The Table I data show that large color shifts were indicated for the single film components. The two layer films showed improved durability of fluorescent properties when compared with the individual single layer films. This can be seen in FIG. 8, which plots the ΔE* value versus time of accelerated weathering for the single PC film 1-2-1 and for the PMMA/PC two layer film 1-2-2. The same type of plot is provided in FIG. 9 for single PC film 1-3-1 and four two layer PMMA/PC film 1-3-2. FIG. 10 plots the Table I data for single PC film 1-4-1 and for two layer PMMA/PC film 1-4-2. FIG. 11 plots the weathering data for single PC film 1-5-1 and for the two layer PMMA/PC film 1-5-2, the weathering being particularly minimal for this two layer film. These data demonstrate the durability of fluorescence and of color which are substantially enhanced when the multiple film layer approach is used in comparing ΔE* values of the multiple film structure to the single layer film components.
 A single layer polymethyl methacrylate film matrix was prepared by combining an acrylic resin, namely Acrylite Plus ZK-V-001E, a trade designation of Cyro, having incorporated thereinto 0.8 weight percent Lumofast Yellow 3G fluorescent dye from DayGlo. This was designated as Sample 2-1. A single polycarbonate matrix film was prepared from Calibre 303EP pellets of Dow Chemical with 0.05 weight percent Huron Yellow D-417 fluorescent dye and 1.5 weight percent Tinuvin 1577 UV absorber. This was designated as Sample 2-2. Sample 2-3 was a two layer PMMA/PC film of Sample 2-1 laminated on Sample 2-2.
 Testing was conducted to determine chromaticity and “Y%” for these three film Samples. These are shown in Table II.
 The CIE “x” and “y” color chromaticity coordinates are useful to compare these films with a color standard used and acknowledged in the art. They can be compared with those of a target fluorescent yellow green which meet the chromaticity requirements of the industry. These color coordinates for fluorescent yellow green are: (0.387, 0.610), (0.460, 0.540), (0.421, 0.486) and (0.368, 0.539).
FIG. 5 provides a plot of the fluorescent yellow green color box required of the industry, as defined by these “x”, “y” color coordinates noted above. Films exhibiting chromaticity coordinates (“x” and “y”) within this defined box can be considered to be generally acceptable.
 The “Y%” coordinate is in a third dimension, which can be visualized as projecting above the two dimensions of the FIG. 5 two dimensional box. Generally, a larger “Y%” indicates a greater degree of fluorescence and thus greater desirability in the present context. The “Y%” value is a total luminance factor. It is a standard measure of the amount of light (electromagnetic radiant power which is visually detectible by the normal human observer) radiating from a surface weighted by the eye's efficiency to convert the light to luminous sensation. It is defined as the ratio of the total luminance of a specimen to that of a perfect diffuser illuminated and viewed under the same conditions.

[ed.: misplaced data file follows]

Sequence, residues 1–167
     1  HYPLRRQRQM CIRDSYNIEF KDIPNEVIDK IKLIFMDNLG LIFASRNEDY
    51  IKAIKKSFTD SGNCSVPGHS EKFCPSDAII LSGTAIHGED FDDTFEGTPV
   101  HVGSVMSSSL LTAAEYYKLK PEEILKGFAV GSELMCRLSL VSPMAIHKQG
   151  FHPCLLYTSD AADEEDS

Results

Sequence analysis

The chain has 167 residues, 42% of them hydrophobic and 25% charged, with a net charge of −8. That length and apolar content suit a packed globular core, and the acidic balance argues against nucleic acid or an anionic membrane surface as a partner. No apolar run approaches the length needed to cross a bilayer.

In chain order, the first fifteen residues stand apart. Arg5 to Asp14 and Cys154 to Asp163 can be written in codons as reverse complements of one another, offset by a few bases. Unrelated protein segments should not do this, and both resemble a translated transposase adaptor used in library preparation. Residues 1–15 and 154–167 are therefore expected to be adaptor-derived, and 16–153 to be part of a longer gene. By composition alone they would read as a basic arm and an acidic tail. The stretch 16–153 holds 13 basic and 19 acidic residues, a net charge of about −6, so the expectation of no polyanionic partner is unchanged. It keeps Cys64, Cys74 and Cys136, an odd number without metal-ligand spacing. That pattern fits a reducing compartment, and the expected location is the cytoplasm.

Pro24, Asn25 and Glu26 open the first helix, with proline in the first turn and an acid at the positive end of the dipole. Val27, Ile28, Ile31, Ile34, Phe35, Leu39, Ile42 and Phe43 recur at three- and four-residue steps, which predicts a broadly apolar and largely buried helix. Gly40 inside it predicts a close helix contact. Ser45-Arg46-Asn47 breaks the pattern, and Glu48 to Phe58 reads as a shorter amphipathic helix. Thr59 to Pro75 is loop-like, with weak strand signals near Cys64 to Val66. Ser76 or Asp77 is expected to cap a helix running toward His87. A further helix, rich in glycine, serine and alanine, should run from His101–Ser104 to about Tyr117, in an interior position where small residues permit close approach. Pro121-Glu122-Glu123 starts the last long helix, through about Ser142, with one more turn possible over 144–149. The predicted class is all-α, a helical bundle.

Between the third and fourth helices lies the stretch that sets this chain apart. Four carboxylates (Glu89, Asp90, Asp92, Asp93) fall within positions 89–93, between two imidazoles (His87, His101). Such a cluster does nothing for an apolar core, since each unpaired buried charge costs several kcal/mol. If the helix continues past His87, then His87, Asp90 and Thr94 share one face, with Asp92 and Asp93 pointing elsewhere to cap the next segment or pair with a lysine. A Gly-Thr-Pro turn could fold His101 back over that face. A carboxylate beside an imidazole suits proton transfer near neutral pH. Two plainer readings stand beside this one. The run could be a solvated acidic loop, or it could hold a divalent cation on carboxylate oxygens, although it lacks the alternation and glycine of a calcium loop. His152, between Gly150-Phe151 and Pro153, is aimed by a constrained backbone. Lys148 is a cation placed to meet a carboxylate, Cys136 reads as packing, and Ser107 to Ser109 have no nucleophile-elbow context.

From FIG. 5, it is clear that the single PMMA film did not fall within the “x” and “y” coordinates of the fluorescent yellow-green color box, and the single PC film gave borderline within-the-box coordinates. Surprisingly, the 2-layer film made of these two films having unacceptable or marginally acceptable “x” and “y” coordinates provided a two layer film which is much more comfortably within the target “x” and “y” coordinates. It is of interest that the x value is not merely an average of the “x” values of the two films from which it is made. Even more surprising, the “y” value is higher than for either single film, which is critical to maintaining the color inside the required color box during weathering. For example, in the case of the single PC film, a small color shift upon weathering will put the color of this film outside of the required color box.
 Concerning the “Y%” parameter, the two layer film provides a fluorescent yellow green shading with favorable values. It is noted that the “Y%” of the two layer film is greater than the average of the two “Y%” values for the individual films.
 The films of Example 2 were converted into retroreflective road sign sheeting through the use of a well-known embossing technique to provide a structure as generally shown in FIG. 1. For this embossing process, a plurality of microprismatic corner cube elements were formed directly into the rear surface of the fluorescent film. Then, a finished retroreflective sheeting was made by bonding a white backing film to the embossed film in a repeating cellular pattern.
 The color coordinates (“x”, “y”) and luminance factor (“Y%”) values of the finished retroreflective sheeting are shown in Table III. For comparison of purposes, the “x”, “y” and “Y%” values of commercial fluorescent yellow green products also are shown. Especially interesting in this regard is the “Y%” value for the two color layer PMMA/PC product. Its “Y%” is higher than either color film which it contains, and it is closer to the commercial products than to the individual films.
 The “x” and “y” values of Table III are plotted in FIG. 6 and in association with the same industry standard fluorescent yellow green color box of FIG. 5. The coordinates for the non-comparison products are somewhat different in FIG. 6 than those for the same films in FIG. 5. This illustrates an expected shifting between the coordinates displayed by raw films and by those converted into retroreflective road sign sheeting. As can be noted from TABLE III and from FIG. 6, the two color layer product according to the invention has chromaticity and “Y%” o values which are close to those of existing products, which can be considered to be standards to attempt to achieve in this type of product. Neither of the single layer products from which the two layer product is made would be suitable by itself to achieve a fluorescent yellow green retroreflective sheeting with the desired color and “Y%” coordinates. The chromaticity of retroreflective sheetings made from either of these single fluorescent yellow green PMMA layers or PC layers is far away from those of the existing products which provide the desired target for this article.